SOMEONE ONCE ASKED a Muslim scholar, “What is the future of Islam in America?” The wise man pondered for a moment and countered, “What is the state of the Muslim youth in America?” The scholar’s wisdom spared him a long lecture on the subject.
For those who live (and die) for the moment, the future is irrelevant. This is especially true when things are going well. Why worry when good times are rolling?
That, fortunately, is not the take on life for a Muslim who reflects. How could our present be divorced from the future and, for that matter, the past?
The future is an extension to our present; and the future can be as expansive as the effort of the moment. Some youth may live for the next cool video-game or the latest sports car, only to realize they have shortchanged themselves.
Those past the youthful years know what it means to be a youth: the explosion of hormone, the overpowering attraction for the opposite sex, and the sudden impulse to commit sin. This is truer in America, where we live in the middle of a materialistic culture that glorifies worldly pleasures.
The question is, If the puberty blues are part of being a youth, can we really guard against them? Can we really think of the future when the present is so captivating?
The answer is, Yes, with the Divine help, we can.
One of the most powerful examples of the youth in the Quran is that of the People of the Cave. Allah says,
They were young men who believed in their Lord, and We increased them in guidance. [Sûrat Al-Kahf, 18:13]
The People of the Cave were some young believers who lived in a land of disbelief, where being a Muslim could be fatal. They decided to leave the society to protect their faith in God. They were afraid the non-believers would force them to renounce their dîn, so they prayed,
Our Lord! Bestow on us mercy from Yourself and facilitate for us our affairs in the right way! [Sûrat Al-Kahf, 18:10]
Allah not only answered their prayer, but also made their story an enduring inspiration by recording it in the Quran.
What earned the People of the Cave a place in the Quran was their belief that this life is a means to get to the everlasting future, Al-Âkhirah or the Hereafter, whose pleasures are unrivaled. They understood that the way to the bliss of the Hereafter was through the righteous deeds in this life.
Convinced that the Hell and its companions were terrifying, they sought the companionship of the pious in Paradise.
The Prophet ﷺ said that in the Hereafter,
One will be with the ones he loved (in this world). (Bukhâri and Muslim)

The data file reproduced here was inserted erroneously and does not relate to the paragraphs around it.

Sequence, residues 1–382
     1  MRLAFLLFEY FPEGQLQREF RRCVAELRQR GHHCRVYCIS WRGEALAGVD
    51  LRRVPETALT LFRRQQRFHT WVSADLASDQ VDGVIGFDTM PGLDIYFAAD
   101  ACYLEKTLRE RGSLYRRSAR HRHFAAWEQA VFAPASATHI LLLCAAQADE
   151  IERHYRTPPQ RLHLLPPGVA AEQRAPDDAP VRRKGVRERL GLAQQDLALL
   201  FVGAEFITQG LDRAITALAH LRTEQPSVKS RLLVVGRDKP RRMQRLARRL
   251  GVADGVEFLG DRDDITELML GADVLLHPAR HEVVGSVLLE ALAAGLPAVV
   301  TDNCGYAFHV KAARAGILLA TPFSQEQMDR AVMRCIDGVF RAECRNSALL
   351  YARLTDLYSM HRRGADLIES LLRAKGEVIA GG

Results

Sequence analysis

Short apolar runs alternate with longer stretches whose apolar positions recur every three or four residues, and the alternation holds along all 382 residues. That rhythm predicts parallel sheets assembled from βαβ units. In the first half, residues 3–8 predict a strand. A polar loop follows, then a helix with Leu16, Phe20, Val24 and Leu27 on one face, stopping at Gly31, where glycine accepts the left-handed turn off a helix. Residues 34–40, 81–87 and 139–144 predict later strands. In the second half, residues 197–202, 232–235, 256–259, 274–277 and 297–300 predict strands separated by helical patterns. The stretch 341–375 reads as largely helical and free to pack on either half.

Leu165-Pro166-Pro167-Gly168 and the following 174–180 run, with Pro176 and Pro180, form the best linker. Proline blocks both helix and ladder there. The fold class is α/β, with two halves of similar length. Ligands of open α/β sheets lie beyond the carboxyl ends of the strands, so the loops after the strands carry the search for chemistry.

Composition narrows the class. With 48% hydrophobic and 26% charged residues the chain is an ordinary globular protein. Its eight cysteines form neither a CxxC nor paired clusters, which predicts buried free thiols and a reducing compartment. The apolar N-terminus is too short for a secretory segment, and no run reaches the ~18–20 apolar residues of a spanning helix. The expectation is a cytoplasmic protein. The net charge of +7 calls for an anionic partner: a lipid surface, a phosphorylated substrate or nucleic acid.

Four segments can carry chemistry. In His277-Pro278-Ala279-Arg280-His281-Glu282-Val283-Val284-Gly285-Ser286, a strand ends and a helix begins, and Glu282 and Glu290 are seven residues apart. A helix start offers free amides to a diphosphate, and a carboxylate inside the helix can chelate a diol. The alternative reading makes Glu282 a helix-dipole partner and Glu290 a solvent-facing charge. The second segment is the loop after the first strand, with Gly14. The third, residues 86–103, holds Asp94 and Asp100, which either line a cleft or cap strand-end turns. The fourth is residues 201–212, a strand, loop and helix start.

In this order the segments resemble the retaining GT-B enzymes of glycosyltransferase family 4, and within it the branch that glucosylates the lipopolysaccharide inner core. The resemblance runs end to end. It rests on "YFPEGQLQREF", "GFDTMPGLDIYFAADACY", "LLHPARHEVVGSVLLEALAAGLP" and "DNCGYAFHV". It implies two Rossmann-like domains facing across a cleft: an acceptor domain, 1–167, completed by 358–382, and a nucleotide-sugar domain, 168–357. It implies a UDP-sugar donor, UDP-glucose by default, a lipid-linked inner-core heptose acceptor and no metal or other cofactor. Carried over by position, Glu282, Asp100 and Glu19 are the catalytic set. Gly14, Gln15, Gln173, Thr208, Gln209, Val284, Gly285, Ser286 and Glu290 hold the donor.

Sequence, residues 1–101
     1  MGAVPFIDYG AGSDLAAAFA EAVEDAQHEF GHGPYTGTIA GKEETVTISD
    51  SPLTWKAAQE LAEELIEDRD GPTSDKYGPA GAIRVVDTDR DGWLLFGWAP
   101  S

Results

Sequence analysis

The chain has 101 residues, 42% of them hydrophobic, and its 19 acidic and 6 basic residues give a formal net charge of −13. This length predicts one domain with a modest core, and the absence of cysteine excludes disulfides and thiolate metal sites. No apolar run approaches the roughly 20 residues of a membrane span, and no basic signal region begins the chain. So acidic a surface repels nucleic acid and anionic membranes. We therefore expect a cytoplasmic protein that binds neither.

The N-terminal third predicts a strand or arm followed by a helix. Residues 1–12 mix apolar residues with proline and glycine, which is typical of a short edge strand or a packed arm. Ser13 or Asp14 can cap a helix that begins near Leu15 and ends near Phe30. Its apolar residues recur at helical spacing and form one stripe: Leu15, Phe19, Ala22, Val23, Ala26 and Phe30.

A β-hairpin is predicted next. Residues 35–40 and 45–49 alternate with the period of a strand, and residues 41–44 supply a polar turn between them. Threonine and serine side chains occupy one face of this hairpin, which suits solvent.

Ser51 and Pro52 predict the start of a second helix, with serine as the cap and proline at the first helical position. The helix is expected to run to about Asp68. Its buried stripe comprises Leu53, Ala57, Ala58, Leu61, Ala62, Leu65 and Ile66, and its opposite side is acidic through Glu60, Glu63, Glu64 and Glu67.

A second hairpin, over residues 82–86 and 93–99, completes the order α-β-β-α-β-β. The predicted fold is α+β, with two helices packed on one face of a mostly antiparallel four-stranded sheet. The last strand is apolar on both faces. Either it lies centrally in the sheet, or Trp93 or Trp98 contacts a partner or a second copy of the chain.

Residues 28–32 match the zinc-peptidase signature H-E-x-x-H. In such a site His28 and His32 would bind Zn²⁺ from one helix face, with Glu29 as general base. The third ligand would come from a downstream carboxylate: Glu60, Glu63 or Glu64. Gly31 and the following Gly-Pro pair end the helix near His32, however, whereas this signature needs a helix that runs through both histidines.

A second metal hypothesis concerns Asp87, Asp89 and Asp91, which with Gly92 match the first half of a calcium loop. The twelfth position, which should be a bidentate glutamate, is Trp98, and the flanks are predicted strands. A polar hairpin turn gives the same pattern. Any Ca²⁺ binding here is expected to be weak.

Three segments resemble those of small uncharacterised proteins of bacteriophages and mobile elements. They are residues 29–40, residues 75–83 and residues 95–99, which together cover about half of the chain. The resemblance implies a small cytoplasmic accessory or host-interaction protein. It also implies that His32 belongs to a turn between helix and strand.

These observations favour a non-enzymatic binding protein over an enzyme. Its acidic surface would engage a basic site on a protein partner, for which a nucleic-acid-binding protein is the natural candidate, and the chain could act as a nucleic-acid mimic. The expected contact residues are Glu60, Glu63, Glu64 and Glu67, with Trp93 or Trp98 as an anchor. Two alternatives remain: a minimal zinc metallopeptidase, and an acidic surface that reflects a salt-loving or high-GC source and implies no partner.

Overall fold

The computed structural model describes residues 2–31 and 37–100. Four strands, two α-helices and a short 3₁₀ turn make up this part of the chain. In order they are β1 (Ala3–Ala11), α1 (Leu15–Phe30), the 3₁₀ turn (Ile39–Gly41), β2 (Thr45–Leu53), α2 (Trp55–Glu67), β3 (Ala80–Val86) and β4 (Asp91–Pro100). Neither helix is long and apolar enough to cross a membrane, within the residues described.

This means that the friends we choose in this World (ephemeral world) will be our companions in the Hereafter, where they are either a thing of joy or regret.
Friends, therefore, are a part of our future.
The People of the Cave believed in Allah and His promise for the future. They put their faith into action. That is the real image of a Muslim youth: strong in faith, dynamic, and active. He or she has courage, sincerity, and self-sacrifice. We find these qualities in prophets like Ibrahim, his son Ismâʿîl, his great grandson Yûsuf, and in Yaḥya. May the peace of Allah be upon them all.
Other examples of such youth we find in the Companions of the Prophet ﷺ, ʿAli, Fâṭimah, Asmâ’, ʿÂishah, ʿAbdullâh ibn ʿUmar, ʿAbdullâh ibn ʿAbbâs, Saʿd ibn Abi Waqqâṣ, >alḥah, Al-Zubayr, Usâmah ibn Zaid, and many others.
The youth in the time of ignorance were an under-utilized resource. They spent much of their time ‘chilling out.’ Under Islam, the youth became supercharged and their talents were maximized for the benefit of the community.
Through these Muslim youth, Allah gave glory to His religion and humiliated His enemies.
In our time, while many Muslim youth are struggling to survive in the cultural mayhem of America, a segment has its gaze set beyond the coolest video games and fastest cars. They are the futuristic youth. We draw inspiration from these young men and women who are serving on the boards of Islamic centers, running youth programs, organizing college and high school MSAs, and even going overseas to learn Arabic and Sharîʿah. They have their professional goals just like any other youth, but they want to brighten the future of Islam through the good actions of today.
The answer of the Muslim scholar rings so true.